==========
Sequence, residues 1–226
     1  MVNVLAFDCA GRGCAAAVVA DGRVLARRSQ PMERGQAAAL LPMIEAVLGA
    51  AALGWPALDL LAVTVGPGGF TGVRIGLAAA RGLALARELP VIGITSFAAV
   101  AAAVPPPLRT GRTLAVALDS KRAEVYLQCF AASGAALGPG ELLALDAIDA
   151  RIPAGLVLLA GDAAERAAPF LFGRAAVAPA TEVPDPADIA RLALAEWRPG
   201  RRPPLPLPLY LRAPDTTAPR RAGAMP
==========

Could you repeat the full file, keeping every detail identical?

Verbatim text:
Sequence, residues 1–226
     1  MVNVLAFDCA GRGCAAAVVA DGRVLARRSQ PMERGQAAAL LPMIEAVLGA
    51  AALGWPALDL LAVTVGPGGF TGVRIGLAAA RGLALARELP VIGITSFAAV
   101  AAAVPPPLRT GRTLAVALDS KRAEVYLQCF AASGAALGPG ELLALDAIDA
   151  RIPAGLVLLA GDAAERAAPF LFGRAAVAPA TEVPDPADIA RLALAEWRPG
   201  RRPPLPLPLY LRAPDTTAPR RAGAMP